Michigan 18 year old TWH ridden in snaffle,- walking horse bit and western saddle in yard and field by novice rider

Question: This mare is very good with any thing asked of her until you tack her up an get on then she's in a fast running walk non stop. This has been on a lounge line with a rider on her.  With out a rider she's doing great.  As for control, there is none, she  has a very hard mouth an bits make no difference. She goes fast with no control diving in at the person holding the lounge line {with a rider}  after the rider is off she's very calm again. Almost like a race horse coming out of the starting gate.  I have no clue what to do about this.



From Panelist Stella

If she's good on the ground and with lunging, etc., go back to the beginning training(whenever there's a major problem, there's usually a "hole" in the basics, so "review," find the hole, correct). Review commands, including verbal, on the lunge line....especially to WALK, and stay calm. Reward for staying calm and relaxed. Work on maintaining complete control on the ground, thru all exercises. Take a few days or so without the saddle, then continue with the saddle,maybe even a bridle(but hook lunge to halter under, can eliminate reins) but on one getting on her. Reward for a good session. I suspect that at some point, she was asked for too much too soon, and has been overwhelmed; work has not been a pleasant experience, she wants to leave the scene!

After a week or so, depending on how she's doing (using the time to develop TRUST, as well as control-do NOT rush to next step), during which also, perhaps before and after each session - spend time grooming, relaxing in a set of SAFE crossties. ALso get her used to having 2 people around, and working around her. Do this after, with the saddle still on, too.  When you feel its "time"(based on her relaxation and calm responsiveness), hook the reins back on, but leave in crossties. Practice mounting....for which she should stand quietly....and just sitting calmly on her, stroking and talking softly to her. Do this for about-at least - a week, so she learns not to anticipate having to take off. Its best, once she's doing this well, when back in the roundpen, to have the second person lead her from her head, on a shank to the halter, the rider with the reins, in actual command. Start by repeating what you did in the crossties....just mounting, standing quietly, dismounting....you may want to just to this for a day or two, or more...til she calms. Then, just ask for a walk.....avoid lunging, she may relate this with moving out fast, as that is what most people do with the lungeline, without a rider, and she may be queing to move out from the groundhandler, instead of the rider. For your own (or whoever rider is) safety, have the groundperson lead at the head, which they relate more to walking calmly. Just work on walking calmly and halting; reversing, walking calmly. Do this for a week or two, gradually "weaning" to more length on the lead, the groundsperson dropping back some behind the head, then eventually no lead with groundperson walking next to...then weaning the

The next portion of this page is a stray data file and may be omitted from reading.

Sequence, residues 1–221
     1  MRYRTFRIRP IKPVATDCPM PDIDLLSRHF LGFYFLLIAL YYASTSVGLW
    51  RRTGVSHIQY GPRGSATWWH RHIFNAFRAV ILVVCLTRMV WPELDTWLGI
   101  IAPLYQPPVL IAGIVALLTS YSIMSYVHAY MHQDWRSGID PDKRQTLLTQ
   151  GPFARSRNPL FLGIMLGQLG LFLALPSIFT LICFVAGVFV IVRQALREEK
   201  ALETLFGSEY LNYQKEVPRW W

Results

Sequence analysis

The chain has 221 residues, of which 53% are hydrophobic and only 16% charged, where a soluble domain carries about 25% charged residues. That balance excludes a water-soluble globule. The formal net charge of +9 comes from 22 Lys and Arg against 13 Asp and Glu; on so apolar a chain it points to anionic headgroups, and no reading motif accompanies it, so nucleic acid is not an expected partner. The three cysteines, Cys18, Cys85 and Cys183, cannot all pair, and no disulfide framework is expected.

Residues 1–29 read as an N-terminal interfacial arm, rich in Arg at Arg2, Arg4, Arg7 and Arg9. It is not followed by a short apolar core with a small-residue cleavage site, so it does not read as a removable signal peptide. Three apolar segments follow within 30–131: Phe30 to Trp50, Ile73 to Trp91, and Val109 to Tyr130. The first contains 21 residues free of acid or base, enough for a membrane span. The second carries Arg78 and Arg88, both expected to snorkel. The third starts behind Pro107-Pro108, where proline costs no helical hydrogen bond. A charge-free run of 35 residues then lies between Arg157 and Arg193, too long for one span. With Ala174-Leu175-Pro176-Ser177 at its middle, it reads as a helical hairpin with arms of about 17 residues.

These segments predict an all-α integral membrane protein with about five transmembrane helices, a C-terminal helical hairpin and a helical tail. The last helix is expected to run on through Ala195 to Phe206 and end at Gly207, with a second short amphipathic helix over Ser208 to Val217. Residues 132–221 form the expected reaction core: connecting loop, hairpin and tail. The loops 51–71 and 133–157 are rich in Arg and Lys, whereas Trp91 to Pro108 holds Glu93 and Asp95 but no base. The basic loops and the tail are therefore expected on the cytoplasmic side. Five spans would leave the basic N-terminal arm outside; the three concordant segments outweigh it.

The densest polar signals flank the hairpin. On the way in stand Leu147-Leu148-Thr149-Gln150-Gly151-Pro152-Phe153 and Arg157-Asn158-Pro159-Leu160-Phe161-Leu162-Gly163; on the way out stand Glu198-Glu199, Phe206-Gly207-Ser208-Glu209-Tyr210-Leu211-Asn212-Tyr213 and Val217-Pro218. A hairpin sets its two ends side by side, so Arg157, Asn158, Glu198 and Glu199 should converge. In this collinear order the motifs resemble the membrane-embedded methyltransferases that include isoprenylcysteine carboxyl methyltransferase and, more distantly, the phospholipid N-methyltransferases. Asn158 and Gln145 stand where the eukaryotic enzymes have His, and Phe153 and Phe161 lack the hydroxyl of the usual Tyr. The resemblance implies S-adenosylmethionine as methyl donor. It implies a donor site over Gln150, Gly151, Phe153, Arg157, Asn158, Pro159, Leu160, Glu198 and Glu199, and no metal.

groundsperson back away from the horse.....just concentrating on walking calmly and control. Make sure to use a rider that has enough confidence to give her the RELEASE on the reins enough, as a reward for when she does right. 

Its rather human nature for an inexperienced person, when a horse prefers going fast, to stay too much in a horse's mouth, maybe even squeeze with the legs (a signal to go fast!), when that's exactly what the horse wants to escape- the steady pain of it...and a horse's main means of escape is to run, or otherwise go fast! SO make sure whoever is getting on, can get their bodylanguage calm and relaxed as well, and give the release at the appropriate times, when needing to stop - use the three-strike method....ask very gently
first, then a bit harder, third time more seriously....given the choice, horses will quickly
learn to respond to the gentlest cue..... 

This is a matter of retraining the horse(but also, for humans to find the error in training, and also find and correct any errors of their own), and its best to start right from the very beginning....no horse is too old to re-learn....it just takes a bit longer, but only at first, than starting with a "clean slate"....you must "erase" old bad memories first. Just have patience, take your time, and eventually you will be highly rewarded.....we already know she gaits
well! But if you dont have control at the walk (the easiest place for us to gain it), you will have a harder time at anything else.

Stella
 

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